(Washington, DC) Over the weekend, I finished Mark Kingwell’s excellent book Nearest Thing to Heaven: The Empire State Building and American Dreams. By coincidence, I spent today in an office three blocks south of the actual Empire State Building. I saw it first from an airport taxi, got a good direct look at it from the window on 31st Street, walked by its front door, and then watched it vanish over Queens on my way to La Guardia.
Seeing it, however, is problematic–that is one of Kingwell’s themes. First of all, it is actually very big. If you are far enough away to see the whole thing, it becomes misleadingly small, unremarkable, dwarfed by routine buildings closer by, sometimes just an extra piece of equipment in the backdrop of a New Jersey auto dealership or a Brooklyn lot. If you come close enough to sense its scale, it veers away so sharply that you can’t really see anything. What you do glimpse is just the skin. It’s a three-dimensional structure; to experience it fully (if such a thing were possible) would require going inside: time and motion would be needed as well as vision.
The Empire State Building is also hard to “see” because you have seen it so many times before, in real life, in postcards and movies, inside snow globes, on tee-shirts, carved as chocolates or soaps. As a result of all that mechanical reproduction, you carry the wrong shape in your mind. In my memory, it had more stone and less steel, more shoulder and less head, than in my experience today.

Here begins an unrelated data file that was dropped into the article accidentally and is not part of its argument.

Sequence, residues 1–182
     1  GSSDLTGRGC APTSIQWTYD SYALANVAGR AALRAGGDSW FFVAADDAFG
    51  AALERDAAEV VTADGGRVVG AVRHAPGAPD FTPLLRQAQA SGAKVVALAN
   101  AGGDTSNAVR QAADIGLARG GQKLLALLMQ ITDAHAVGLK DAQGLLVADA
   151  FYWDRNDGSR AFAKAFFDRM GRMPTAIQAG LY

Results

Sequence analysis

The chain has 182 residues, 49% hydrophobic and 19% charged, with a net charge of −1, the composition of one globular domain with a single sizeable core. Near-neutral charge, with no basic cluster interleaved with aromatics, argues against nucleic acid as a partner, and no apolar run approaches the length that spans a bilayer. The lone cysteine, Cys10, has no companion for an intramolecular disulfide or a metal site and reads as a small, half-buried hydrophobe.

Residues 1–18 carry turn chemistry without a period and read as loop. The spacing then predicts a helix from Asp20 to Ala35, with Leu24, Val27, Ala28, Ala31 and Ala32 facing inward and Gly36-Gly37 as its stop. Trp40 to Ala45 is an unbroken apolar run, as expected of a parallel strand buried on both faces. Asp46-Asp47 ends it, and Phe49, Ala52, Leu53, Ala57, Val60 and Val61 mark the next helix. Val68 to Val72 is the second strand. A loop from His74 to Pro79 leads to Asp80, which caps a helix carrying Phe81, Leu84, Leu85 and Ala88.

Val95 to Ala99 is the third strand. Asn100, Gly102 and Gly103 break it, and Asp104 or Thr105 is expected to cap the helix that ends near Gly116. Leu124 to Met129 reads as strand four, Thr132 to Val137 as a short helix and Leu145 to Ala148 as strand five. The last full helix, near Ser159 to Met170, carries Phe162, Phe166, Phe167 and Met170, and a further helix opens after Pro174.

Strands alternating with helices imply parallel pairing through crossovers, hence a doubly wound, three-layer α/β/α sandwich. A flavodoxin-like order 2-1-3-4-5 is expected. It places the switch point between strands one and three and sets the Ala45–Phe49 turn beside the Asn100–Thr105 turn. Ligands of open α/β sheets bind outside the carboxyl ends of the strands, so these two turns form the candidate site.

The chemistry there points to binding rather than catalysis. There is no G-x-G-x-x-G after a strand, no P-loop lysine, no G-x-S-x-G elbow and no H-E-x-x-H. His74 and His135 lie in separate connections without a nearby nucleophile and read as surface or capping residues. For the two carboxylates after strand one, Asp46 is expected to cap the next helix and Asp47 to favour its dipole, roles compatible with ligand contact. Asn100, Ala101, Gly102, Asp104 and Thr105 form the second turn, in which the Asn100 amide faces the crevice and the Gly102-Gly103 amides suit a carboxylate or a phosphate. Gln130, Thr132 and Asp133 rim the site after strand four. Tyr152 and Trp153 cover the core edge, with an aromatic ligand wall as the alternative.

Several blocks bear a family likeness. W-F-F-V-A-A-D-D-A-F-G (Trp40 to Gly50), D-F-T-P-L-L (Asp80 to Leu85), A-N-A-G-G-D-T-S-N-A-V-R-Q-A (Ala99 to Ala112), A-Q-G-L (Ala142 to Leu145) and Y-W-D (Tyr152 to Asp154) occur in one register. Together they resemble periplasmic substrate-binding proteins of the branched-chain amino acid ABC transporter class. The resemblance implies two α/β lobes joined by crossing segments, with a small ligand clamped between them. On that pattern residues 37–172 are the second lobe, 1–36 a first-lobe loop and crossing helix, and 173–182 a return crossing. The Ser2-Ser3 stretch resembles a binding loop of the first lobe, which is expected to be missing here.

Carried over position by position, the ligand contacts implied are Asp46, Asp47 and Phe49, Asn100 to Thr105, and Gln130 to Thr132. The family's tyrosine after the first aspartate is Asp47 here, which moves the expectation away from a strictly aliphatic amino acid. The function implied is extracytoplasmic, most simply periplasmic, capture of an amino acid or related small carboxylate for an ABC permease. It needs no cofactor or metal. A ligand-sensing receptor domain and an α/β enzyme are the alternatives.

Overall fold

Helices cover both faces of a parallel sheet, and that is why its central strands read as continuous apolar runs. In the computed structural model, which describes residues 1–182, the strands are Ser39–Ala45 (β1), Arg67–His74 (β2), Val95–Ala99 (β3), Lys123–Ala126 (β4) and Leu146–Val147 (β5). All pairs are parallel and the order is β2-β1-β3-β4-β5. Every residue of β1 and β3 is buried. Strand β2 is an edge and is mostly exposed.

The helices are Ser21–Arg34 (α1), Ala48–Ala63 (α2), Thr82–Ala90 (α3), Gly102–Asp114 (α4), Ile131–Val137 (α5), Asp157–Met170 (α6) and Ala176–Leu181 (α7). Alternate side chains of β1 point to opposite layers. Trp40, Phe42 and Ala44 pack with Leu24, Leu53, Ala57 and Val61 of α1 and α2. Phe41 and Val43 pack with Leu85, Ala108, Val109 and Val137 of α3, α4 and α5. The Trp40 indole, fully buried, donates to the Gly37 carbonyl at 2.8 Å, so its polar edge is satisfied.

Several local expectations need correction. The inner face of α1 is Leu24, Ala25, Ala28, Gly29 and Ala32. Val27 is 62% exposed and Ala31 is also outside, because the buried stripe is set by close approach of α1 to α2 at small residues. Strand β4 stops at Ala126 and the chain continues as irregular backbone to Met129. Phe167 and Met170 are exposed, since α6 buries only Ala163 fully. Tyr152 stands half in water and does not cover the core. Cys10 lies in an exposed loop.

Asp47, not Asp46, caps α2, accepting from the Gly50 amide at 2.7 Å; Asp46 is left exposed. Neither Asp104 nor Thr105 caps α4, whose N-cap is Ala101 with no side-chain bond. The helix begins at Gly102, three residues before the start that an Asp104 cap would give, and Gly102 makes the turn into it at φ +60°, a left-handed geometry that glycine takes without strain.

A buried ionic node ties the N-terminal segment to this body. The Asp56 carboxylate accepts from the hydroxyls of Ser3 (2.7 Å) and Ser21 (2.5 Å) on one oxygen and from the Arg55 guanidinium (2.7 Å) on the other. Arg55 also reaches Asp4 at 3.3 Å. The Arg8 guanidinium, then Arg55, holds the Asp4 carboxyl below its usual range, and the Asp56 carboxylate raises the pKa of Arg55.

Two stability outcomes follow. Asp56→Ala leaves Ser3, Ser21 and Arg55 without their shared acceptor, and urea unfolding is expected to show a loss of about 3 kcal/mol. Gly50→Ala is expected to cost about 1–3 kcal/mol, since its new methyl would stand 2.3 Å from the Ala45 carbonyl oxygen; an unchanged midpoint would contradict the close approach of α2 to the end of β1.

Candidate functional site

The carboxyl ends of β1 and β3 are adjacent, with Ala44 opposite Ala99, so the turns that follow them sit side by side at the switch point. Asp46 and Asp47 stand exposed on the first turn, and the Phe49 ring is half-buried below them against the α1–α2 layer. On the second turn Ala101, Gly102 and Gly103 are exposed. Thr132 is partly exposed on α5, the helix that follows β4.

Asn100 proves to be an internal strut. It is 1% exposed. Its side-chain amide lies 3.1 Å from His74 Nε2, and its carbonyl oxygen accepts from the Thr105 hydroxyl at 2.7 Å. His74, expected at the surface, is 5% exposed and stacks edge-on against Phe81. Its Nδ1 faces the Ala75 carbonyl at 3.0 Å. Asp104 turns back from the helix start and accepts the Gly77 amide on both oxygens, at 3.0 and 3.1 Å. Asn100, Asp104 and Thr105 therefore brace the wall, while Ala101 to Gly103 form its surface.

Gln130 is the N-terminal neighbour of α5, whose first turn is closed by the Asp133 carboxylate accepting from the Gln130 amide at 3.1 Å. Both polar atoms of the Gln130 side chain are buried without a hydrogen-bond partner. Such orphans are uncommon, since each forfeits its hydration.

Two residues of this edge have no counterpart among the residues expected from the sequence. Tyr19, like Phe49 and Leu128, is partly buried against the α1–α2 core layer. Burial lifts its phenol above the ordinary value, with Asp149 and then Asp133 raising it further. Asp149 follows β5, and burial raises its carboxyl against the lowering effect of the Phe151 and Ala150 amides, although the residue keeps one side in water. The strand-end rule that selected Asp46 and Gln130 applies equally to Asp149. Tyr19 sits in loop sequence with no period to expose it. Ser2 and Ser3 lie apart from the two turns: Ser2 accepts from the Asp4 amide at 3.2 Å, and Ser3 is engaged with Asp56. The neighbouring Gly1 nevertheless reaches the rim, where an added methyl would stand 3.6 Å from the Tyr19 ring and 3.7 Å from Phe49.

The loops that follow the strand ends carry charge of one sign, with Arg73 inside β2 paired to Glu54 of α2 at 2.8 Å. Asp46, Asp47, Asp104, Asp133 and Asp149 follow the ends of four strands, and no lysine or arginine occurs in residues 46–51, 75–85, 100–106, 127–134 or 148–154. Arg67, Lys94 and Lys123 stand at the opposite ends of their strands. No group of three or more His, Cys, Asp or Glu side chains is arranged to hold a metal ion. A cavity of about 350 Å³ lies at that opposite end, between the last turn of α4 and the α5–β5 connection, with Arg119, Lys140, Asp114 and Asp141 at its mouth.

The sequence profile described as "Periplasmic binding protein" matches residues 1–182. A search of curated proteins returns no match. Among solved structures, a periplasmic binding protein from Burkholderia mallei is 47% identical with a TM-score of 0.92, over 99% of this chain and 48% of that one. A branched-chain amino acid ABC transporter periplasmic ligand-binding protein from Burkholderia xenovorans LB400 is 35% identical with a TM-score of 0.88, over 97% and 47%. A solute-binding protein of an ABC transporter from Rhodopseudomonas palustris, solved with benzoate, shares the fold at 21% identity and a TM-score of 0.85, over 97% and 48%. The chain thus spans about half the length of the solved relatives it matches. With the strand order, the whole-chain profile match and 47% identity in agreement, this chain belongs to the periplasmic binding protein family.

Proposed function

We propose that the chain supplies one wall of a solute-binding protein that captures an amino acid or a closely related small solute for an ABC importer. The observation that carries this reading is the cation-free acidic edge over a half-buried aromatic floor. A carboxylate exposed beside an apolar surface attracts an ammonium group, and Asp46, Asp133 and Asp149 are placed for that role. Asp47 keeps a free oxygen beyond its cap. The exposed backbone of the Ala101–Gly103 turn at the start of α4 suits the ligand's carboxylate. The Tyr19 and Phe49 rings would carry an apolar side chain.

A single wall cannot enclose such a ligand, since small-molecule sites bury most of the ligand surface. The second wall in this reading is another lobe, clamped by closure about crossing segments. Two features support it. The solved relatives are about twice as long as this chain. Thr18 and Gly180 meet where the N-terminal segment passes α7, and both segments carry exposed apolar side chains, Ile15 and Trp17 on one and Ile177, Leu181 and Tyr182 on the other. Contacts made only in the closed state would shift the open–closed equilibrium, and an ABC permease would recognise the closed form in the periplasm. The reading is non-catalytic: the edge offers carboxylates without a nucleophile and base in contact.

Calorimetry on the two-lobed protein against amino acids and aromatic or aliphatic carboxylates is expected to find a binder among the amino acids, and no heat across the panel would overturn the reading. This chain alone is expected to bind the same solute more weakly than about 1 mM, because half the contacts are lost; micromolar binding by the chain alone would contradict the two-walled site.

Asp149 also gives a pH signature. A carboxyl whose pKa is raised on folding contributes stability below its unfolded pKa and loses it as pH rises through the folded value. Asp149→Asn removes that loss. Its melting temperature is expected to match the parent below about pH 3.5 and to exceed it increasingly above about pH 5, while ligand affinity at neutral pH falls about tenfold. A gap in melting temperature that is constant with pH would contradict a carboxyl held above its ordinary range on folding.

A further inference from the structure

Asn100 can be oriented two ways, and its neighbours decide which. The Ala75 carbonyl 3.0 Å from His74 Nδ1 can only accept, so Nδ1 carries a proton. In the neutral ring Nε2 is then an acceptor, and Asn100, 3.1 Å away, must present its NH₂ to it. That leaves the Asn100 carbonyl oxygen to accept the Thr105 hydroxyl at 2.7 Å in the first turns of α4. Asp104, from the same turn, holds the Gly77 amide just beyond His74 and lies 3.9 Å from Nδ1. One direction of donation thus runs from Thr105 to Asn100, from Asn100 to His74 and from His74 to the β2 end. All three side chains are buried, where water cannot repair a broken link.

And it’s a hard object to see because savvy New Yorkers don’t stare up at it, whether they’re walking down the street or in meetings on 31st Street. They are too busy, too blasé. Tourists were standing around the entrance on Fifth Avenue, and since I was also a tourist but didn’t want to seem one, I hurried past.
From the taxi, though, it was OK to stare. The building looked a little solitary, standing down there in the thirties. I recalled Kingwell’s idea that the Chrysler Building is its uptown girlfriend; they seemed a little distant. At first sight, on a grey day, the Empire State Building looked pixilated, like a stack of tiny cubes with angular edges all the way to the Deco dirigible dock at the top. A surprising dark stripe crossed its belly.
I wrote the above on the plane from New York to DC, without really reaching a conclusion before we had to put computers away for landing. We came in low over the Potomac, Georgetown lamps shimmering on the river, the Lincoln Memorial’s skylights glowing upward, and the obelisk standing in the middle of it all. It may have been a trick of the perspective–or something to do with my twenty years of past wrapped up in Washington–but it looked grander than the city we had left.